The modern church has become very big business, with property assets amounting to millions and a large full-time salaried staff compliment, in many cases. To manage and control this volume of activity and finance, requires professional management skills and suitable programs. Without a well structured organisation, this monolith would flounder and collapse. The large congregations demand a high calibre speaker to maintain the organisation’s image and the interest of the people. To keep the large congregation in time and in tune while singing, special hi-tech equipment, along with professional musicians is essential.

To plant or establish such a church does not require God-given apostolic ministry. The above organisation can be established by a dynamic entrepreneur, with marketing, organisational, management and team building skills.  Unfortunately this dynamic management team are often given spiritual titles such as, Apostle, Prophet, Evangelist, Pastor and Teacher, but their skills and abilities are no different to the management skills of a large secular Corporation, like Microsoft.

True apostolic ministry establishes a Christ-centred local church

The apostolic ministry gift that Jesus gave to men when He ascended on High, was not an ability to build an efficient and effective organisation, but a company of believers, who are focussed on Jesus Christ as the Head of the church.

The particular skill of an apostle is to preach and teach Christ in such a way that each believer sees Jesus as his immovable ‘worldview’ and foundation. The apostle then equips the believers with sufficient knowledge of Jesus Christ and the revelation of the Scriptures, so that they can function without outside ministry input for long periods of time.  Each member is equipped to make a meaningful contribution, so that the ‘Body’ can edify itself. “Till we all come in the unity of the faith, and of the knowledge of the Son of God, unto a perfect (mature)man, unto the measure of the stature of the fullness of Christ”(Eph 4:13)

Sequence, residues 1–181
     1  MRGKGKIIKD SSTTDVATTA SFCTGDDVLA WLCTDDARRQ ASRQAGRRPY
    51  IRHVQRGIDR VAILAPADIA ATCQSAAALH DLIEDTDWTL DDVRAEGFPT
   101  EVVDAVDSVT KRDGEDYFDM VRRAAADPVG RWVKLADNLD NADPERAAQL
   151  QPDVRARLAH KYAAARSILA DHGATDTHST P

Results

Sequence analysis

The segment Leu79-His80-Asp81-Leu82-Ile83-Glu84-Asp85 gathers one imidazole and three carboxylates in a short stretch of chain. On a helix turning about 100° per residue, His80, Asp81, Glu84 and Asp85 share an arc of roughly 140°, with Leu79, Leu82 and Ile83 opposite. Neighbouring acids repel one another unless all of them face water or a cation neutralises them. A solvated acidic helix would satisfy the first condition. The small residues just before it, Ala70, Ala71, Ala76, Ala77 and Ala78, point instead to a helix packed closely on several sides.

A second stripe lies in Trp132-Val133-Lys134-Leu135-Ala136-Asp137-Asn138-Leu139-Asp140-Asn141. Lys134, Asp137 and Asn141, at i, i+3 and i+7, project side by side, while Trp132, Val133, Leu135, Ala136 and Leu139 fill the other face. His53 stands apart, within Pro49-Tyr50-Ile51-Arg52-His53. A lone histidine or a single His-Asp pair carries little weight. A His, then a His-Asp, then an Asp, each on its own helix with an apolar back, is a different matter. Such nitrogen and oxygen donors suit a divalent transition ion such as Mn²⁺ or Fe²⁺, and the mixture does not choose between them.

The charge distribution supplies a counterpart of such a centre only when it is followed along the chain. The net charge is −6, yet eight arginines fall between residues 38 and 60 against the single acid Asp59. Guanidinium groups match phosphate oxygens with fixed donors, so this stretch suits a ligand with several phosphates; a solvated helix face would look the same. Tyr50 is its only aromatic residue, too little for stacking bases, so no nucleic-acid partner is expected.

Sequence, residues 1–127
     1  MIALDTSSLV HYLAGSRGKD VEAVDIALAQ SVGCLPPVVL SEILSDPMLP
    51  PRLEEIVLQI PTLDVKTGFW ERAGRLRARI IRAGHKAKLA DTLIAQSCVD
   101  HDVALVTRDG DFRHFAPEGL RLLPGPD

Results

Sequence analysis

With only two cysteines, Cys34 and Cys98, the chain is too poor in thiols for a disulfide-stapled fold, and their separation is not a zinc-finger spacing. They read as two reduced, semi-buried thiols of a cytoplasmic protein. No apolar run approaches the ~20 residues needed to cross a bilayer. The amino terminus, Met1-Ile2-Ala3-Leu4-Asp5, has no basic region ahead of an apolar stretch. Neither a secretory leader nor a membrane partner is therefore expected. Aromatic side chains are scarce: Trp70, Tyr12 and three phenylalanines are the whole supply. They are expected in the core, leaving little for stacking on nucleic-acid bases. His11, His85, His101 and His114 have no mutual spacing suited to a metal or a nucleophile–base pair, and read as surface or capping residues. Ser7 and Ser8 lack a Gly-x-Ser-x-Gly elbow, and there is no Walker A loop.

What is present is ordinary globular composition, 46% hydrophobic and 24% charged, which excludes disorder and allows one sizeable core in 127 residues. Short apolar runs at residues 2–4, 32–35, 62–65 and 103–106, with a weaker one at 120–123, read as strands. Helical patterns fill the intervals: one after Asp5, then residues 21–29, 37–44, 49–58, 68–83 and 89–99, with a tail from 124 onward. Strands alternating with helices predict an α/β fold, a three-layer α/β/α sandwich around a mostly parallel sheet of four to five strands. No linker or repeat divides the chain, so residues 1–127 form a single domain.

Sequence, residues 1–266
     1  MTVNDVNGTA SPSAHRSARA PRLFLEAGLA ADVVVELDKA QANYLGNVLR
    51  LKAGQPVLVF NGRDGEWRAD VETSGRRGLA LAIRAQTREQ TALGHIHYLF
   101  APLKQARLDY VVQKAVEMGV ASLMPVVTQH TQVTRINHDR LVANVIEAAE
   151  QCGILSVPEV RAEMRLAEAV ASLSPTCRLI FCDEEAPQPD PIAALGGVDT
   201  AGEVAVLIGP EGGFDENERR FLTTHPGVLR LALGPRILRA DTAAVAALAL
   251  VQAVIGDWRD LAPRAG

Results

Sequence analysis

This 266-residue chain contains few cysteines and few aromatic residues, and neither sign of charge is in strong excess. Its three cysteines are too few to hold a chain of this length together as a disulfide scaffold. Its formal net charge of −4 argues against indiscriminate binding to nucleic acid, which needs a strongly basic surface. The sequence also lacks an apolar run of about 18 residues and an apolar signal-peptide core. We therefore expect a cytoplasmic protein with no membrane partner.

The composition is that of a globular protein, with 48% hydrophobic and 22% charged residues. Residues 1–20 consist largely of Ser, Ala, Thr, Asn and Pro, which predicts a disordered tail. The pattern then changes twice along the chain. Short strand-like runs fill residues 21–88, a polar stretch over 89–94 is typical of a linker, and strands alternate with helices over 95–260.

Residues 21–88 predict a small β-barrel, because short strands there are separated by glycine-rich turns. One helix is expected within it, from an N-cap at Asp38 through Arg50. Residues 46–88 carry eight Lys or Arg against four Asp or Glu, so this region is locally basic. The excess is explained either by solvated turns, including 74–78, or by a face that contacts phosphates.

Anyone with an ability to preach or teach and with a bit of initiative can form a “Preacher dependent” congregation, that will need to be perpetually propped up by a Pastor or Full-time Minister, but it takes a very special gift (true apostolic gift) to establish a “Christ dependent” gathering who have learned to relate directly to Jesus Christ, the Head of the church and are able to build one another up in the Lord, through that which ‘every joint’ (member) supplies. (There are many examples of  these churches in Scripture, established by Paul).

In such a local church men with pastoral or elders ministries will soon come to the fore. Paul would give recognition to local elders to care for the local assembly on a return missionary journey, or else he would send an assistant, such as Titus to do so.

“For this cause I left you in Crete, that you should set in order the things that are lacking, and ordain elders in every city, as I had appointed you.” (Tit 1:5) The churches in Crete had come of age and were able to stand-alone, having been set in order with elders.

The true local church as a dynamic organism, animated by the Holy Spirit Himself